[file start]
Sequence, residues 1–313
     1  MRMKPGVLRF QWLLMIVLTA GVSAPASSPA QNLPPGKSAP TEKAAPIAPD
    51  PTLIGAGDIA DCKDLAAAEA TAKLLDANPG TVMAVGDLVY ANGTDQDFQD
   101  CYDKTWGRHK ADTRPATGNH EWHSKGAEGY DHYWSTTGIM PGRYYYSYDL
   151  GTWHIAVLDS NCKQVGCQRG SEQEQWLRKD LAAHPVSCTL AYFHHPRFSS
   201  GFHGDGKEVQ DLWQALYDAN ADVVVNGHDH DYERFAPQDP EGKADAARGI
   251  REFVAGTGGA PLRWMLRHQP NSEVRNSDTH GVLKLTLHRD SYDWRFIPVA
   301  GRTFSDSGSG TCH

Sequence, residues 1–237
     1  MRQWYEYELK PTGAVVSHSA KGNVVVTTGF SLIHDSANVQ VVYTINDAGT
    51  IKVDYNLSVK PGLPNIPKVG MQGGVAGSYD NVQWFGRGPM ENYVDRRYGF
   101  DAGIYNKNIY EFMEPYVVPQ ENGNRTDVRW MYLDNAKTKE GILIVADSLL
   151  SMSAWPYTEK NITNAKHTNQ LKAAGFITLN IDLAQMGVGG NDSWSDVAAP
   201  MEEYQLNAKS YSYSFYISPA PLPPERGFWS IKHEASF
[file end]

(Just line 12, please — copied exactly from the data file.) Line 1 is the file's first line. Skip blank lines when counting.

   101  DAGIYNKNIY EFMEPYVVPQ ENGNRTDVRW MYLDNAKTKE GILIVADSLL